Legend has it that George Washington personally asked Betsy Ross to sew the first American Flag in 1776. However, it is just that: a legend. There was little, if any, record keeping during that time in history, so much of the Betsy Ross tale has passed on from each generation.
Betsy Ross was born a fourth-generation American in Philadelphia, Pennsylvania in 1752, as one of 14 children. After her schooling, her father placed her in an apprenticeship at a local upholsterer, where she met John Ross, a fellow apprentice at the same shop, who would later marry Betsy. While she and John Ross were of different religious backgrounds, that did not prevent them from eloping in 1773; with strict rules for inter-denominational marriages, Betsy’s marriage to John Ross forced her to split from her family. Not long after their marriage, John and Betsy started their own upholstery business – this provided challenges with the already strict competition and the loss of the Quaker religious circle that Betsy was once a part of.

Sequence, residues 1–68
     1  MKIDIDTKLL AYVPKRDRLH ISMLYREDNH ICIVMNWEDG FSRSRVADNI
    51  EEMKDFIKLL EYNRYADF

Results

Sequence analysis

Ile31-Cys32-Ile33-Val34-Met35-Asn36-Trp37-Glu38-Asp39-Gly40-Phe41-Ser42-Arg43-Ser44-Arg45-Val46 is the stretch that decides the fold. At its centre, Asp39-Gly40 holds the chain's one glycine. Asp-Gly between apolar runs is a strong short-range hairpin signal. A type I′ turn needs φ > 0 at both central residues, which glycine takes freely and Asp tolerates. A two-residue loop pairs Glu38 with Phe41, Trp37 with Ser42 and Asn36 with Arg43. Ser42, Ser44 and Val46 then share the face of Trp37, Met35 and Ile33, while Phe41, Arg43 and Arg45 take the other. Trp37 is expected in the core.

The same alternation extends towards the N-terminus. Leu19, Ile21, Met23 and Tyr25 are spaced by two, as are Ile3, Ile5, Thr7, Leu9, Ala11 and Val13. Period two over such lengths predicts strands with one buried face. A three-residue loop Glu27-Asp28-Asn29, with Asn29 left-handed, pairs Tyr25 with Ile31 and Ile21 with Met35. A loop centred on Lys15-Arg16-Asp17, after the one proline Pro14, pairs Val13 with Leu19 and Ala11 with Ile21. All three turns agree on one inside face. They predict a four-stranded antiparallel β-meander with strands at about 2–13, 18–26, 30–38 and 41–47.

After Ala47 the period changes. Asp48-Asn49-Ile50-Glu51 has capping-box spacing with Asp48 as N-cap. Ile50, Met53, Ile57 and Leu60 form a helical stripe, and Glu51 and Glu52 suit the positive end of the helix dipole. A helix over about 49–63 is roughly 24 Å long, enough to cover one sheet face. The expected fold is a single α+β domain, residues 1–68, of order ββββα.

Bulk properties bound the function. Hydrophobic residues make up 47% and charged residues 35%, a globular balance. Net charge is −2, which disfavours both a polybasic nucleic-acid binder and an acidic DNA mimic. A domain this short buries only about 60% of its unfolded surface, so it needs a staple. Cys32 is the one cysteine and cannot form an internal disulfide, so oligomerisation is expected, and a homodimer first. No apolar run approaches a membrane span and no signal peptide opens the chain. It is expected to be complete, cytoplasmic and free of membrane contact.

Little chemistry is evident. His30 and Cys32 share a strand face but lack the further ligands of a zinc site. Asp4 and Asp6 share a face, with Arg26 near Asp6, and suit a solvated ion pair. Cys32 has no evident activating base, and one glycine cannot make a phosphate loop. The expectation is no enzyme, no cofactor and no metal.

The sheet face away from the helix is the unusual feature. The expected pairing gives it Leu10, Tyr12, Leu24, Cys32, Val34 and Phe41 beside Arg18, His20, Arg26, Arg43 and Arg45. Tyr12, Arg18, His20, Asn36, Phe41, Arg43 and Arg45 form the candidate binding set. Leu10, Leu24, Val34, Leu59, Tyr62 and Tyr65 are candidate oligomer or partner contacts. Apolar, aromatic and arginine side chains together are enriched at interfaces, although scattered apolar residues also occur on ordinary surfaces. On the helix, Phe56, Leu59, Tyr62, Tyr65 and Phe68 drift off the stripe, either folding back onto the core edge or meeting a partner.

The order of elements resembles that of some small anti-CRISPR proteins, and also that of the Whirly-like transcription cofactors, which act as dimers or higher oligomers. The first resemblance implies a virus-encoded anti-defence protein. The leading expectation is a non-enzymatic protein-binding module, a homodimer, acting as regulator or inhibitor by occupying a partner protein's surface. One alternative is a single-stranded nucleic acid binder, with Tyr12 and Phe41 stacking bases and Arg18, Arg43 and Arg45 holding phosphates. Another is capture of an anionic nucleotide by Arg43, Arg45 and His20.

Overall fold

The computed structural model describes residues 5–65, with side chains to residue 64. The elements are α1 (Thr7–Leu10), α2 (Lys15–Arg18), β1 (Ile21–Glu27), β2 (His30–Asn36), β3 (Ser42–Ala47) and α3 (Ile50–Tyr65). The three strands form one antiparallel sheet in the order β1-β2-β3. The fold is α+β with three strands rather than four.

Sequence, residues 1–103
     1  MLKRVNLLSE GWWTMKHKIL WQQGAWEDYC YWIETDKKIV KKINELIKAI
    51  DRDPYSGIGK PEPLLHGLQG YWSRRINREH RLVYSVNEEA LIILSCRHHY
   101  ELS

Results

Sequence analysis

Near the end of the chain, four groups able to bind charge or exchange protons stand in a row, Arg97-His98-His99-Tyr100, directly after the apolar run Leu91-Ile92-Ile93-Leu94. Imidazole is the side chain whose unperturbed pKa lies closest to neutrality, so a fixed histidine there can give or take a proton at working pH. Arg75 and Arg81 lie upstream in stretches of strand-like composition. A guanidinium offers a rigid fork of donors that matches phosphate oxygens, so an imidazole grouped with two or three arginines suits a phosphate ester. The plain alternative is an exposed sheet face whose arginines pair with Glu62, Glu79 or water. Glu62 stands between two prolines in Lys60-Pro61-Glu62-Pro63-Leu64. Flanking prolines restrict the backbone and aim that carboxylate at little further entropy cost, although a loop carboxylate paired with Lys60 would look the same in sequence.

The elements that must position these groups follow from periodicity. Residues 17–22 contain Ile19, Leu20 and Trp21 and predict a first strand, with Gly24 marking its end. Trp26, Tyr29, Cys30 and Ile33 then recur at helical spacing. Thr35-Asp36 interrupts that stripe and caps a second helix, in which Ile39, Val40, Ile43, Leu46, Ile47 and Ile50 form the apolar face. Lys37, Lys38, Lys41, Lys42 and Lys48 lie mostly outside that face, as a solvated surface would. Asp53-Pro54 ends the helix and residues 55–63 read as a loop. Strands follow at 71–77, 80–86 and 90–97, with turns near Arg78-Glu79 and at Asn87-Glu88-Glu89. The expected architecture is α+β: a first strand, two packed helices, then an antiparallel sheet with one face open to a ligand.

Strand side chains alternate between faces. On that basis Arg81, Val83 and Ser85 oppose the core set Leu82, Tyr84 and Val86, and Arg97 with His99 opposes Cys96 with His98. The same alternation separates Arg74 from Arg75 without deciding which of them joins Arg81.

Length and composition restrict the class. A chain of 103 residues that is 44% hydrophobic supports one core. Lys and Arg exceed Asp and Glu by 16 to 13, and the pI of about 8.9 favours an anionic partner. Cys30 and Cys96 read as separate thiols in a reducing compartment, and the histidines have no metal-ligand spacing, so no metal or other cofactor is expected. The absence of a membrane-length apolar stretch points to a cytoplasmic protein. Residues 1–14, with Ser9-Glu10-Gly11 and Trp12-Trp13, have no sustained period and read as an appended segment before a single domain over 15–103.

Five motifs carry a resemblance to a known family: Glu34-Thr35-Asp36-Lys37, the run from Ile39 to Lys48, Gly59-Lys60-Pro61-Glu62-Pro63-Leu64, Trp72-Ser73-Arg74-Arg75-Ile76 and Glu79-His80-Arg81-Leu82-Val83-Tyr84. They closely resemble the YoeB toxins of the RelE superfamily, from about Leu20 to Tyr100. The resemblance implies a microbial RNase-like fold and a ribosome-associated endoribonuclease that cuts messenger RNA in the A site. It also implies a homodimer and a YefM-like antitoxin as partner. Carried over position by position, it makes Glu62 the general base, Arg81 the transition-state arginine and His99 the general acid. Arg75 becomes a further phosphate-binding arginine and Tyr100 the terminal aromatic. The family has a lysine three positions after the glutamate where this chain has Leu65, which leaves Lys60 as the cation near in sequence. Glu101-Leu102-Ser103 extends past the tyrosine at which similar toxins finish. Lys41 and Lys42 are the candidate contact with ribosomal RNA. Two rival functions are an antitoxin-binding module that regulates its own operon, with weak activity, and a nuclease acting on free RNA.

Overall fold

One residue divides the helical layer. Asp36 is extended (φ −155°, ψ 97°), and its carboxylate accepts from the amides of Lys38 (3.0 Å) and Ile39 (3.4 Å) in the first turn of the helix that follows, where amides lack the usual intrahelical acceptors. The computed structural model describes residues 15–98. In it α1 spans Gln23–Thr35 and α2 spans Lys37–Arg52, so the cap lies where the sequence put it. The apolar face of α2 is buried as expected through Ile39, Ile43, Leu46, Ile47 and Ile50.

During the revolutionary times in 1776, John Ross was mortally wounded in an explosion and passed away from the resulting injury. Later that year, the Committee of Three approached Betsy: George Washington, Robert Morris, and George Ross with the sketch of a flag that Washington had compiled. Betsy had but one suggestion for the flag – to change the original design of a six-point star to a five-point star – and was entrusted with sewing the first American flag.
Betsy Ross’ story was made public by her grandson, William Canby, in the 1870’s, nearly 50 years after she had passed away; his recollection of her story was published in Harper’s Monthly, though many still contest about the factuality of the Betsy Ross story.